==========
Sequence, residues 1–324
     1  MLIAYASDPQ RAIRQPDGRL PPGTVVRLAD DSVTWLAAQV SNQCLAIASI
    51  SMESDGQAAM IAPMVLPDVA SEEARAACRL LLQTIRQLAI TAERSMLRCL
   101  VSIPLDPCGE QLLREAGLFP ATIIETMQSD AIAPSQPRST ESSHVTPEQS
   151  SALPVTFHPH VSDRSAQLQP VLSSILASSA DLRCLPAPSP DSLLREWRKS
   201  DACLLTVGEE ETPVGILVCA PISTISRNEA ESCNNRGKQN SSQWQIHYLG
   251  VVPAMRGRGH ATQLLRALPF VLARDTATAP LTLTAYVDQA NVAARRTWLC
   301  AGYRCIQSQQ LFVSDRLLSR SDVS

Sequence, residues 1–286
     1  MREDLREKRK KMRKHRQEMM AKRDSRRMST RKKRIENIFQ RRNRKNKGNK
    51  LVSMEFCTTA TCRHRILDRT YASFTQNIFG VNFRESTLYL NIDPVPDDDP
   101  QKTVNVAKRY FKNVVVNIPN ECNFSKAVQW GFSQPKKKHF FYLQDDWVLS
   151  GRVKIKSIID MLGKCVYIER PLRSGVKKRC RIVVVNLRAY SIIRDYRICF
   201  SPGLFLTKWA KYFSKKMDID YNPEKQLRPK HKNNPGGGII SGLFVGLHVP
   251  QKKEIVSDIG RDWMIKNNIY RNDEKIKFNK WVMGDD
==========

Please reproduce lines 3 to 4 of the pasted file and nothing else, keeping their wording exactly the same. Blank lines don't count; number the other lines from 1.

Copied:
    51  SMESDGQAAM IAPMVLPDVA SEEARAACRL LLQTIRQLAI TAERSMLRCL
   101  VSIPLDPCGE QLLREAGLFP ATIIETMQSD AIAPSQPRST ESSHVTPEQS